The "Akatsuki" was launched from the Tanegashima Space Center on May 21, 2010 (JST).

JAXA has set up an investigation team led by ISAS Director within JAXA to study the cause of the failure. We will update you with the countermeasures and investigation results.

Robert PearlmanJAXA Dec. 8 update
Akatsuki Venus orbit injection plan to be reviewed

JAXA found that we have failed to inject the Venus Climate Orbiter "Akatsuki" into the planned Venus orbit after conducting the Venus orbit insertion maneuver (VOI-1) on December 7.

While we set up a new investigation team to study the cause and countermeasures, we will also review the Venus orbit injection plan again to take the next opportunity in six years when the Akatsuki flies closest to Venus.

Robert PearlmanJAXA release
Akatsuki: Second attempt to enter Venus orbit

The Venus Climate Orbiter Akatsuki will try to enter the orbit of Venus on Dec. 7 (Monday) after five years of operation. We are welcoming support messages.

After Akatsuki's failure to enter Venus' orbit on Dec. 7, 2010, JAXA investigated the cause and considered a second attempt schedule while operating the satellite for a long period. Now, on Dec. 7, 2015, coincidentally the same day on the calendar as the previous attempt, we will perform the injection for the second time.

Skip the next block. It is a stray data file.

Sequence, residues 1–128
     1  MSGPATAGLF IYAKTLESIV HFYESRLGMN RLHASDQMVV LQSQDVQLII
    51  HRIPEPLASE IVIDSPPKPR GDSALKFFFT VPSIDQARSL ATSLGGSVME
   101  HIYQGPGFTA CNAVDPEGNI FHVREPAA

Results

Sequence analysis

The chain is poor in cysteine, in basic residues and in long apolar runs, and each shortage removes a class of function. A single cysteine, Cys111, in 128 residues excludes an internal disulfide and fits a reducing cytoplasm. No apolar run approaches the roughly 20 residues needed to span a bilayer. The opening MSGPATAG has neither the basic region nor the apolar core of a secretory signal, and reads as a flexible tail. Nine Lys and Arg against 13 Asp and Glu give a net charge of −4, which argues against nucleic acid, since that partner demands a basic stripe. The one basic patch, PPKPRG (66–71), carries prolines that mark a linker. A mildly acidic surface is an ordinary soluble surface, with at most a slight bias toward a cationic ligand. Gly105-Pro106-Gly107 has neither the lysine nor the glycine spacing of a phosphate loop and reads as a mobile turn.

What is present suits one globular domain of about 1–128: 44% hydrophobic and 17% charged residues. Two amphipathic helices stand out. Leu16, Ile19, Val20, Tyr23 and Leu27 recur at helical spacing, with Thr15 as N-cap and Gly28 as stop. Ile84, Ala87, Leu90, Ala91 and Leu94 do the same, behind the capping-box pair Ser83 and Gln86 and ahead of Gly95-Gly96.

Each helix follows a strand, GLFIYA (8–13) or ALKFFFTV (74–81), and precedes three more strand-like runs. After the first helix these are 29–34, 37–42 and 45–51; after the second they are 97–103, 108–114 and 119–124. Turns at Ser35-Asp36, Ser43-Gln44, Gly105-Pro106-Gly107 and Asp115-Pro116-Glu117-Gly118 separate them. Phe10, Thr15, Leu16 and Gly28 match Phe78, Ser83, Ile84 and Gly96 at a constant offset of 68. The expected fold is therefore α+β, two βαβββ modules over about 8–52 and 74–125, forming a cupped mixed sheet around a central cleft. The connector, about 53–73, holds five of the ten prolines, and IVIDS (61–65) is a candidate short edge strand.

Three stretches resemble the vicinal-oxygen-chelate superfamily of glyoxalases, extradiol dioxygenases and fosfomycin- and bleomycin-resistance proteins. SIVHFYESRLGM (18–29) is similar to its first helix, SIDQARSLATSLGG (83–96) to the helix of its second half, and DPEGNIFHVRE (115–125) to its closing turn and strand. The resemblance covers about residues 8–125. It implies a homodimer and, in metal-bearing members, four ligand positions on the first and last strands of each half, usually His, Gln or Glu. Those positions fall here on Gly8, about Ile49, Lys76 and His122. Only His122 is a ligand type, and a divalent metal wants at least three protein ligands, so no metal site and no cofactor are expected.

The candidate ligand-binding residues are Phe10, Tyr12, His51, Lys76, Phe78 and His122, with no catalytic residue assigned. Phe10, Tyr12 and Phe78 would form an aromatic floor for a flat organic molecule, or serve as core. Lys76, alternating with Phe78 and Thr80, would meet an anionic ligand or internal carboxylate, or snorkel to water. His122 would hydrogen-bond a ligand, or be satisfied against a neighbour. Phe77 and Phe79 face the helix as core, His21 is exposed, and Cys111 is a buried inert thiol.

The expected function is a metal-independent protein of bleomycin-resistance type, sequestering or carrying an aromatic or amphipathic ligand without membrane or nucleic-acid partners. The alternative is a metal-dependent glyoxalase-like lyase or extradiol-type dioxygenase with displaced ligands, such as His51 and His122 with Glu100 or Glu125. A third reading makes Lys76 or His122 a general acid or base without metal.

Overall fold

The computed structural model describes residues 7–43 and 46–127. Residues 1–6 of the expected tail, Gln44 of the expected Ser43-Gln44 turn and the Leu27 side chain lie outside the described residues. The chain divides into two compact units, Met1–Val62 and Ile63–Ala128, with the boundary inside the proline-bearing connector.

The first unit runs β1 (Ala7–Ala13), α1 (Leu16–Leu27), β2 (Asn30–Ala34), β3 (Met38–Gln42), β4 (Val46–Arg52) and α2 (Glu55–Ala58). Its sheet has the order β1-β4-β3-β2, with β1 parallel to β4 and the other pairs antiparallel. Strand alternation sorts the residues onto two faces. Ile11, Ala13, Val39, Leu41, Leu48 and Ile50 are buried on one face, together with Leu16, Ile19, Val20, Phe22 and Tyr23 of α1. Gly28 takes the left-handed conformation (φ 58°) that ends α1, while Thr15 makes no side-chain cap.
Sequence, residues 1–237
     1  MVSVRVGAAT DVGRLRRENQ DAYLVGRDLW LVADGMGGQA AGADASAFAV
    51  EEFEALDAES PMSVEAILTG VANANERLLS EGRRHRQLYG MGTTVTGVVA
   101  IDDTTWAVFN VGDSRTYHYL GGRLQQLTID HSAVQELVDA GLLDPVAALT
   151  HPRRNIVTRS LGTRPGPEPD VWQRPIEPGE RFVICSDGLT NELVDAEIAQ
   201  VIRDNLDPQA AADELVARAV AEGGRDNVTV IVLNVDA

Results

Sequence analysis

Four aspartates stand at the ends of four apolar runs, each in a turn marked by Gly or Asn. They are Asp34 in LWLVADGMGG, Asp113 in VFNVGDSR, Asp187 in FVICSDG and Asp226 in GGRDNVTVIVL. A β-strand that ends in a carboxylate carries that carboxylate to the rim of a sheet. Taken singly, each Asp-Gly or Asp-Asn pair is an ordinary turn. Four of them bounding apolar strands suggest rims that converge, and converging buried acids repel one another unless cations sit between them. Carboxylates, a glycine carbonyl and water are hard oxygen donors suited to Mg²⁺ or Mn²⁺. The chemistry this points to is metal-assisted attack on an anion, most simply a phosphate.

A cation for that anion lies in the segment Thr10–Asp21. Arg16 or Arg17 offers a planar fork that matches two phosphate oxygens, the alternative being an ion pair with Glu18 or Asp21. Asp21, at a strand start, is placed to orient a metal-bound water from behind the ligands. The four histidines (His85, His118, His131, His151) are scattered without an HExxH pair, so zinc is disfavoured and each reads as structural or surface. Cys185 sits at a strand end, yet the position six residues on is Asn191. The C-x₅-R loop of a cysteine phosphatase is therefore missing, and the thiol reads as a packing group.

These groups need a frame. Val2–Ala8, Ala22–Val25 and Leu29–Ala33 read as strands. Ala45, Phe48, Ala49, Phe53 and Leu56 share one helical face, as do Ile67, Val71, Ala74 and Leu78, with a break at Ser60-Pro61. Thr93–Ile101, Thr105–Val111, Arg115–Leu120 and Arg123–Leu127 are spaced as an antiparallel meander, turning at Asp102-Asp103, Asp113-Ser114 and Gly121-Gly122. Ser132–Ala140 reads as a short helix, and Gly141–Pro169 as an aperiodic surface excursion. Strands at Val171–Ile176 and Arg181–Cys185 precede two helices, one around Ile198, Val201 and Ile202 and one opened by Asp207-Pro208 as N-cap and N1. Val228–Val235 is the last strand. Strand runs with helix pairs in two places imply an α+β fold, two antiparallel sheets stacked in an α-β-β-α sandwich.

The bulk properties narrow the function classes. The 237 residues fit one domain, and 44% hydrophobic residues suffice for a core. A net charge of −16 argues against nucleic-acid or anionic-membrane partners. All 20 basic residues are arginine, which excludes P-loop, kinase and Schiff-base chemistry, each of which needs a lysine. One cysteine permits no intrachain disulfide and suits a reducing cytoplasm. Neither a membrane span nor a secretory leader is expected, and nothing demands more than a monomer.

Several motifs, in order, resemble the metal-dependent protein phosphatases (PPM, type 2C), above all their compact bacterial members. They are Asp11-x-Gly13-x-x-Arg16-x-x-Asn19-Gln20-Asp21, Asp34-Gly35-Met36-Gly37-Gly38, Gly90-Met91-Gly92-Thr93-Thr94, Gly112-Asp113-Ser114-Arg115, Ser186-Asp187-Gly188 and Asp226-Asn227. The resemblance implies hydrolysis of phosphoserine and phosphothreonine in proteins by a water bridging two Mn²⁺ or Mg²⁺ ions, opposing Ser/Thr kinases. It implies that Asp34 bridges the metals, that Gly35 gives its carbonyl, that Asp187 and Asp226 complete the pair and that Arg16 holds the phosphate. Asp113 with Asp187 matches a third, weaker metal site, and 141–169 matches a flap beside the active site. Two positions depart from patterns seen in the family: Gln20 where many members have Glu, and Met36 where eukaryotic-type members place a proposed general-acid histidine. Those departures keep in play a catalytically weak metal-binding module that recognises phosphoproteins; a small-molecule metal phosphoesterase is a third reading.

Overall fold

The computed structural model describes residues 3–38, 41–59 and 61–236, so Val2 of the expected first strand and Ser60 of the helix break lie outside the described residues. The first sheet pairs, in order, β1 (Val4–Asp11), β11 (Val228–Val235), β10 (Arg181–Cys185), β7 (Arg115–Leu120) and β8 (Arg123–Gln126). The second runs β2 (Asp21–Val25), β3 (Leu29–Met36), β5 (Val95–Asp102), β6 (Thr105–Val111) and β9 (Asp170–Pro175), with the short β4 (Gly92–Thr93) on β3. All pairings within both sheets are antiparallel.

The Akatsuki is in a good condition and it will take a few days of confirmation to know the result. Your support for the Akatsuki and its project team members is very much appreciated.

Robert PearlmanJAXA release
Akatsuki attitude control engine thrust operation performed as scheduled

JAXA performed the attitude control engine thrust operation of the Venus Climate Orbiter "Akatsuki" for its Venus orbit insertion from 8:51 a.m. on December 7 (Japan Standard Time).

As a result of analyzing data transmitted from the orbiter, we confirmed that the thrust emission of the attitude control engine was conducted for about 20 minutes as scheduled!

The orbiter is now in good health. We are currently measuring and calculating its orbit after the operation. It will take a few days to estimate the orbit, thus we will announce the operation result once it is determined.

Robert PearlmanJAXA release
Venus Climate Orbiter "Akatsuki" Inserted Into Venus' Orbit

The Japan Aerospace Exploration Agency (JAXA) successfully inserted the Venus Climate Orbiter "Akatsuki" into the orbit circling around Venus.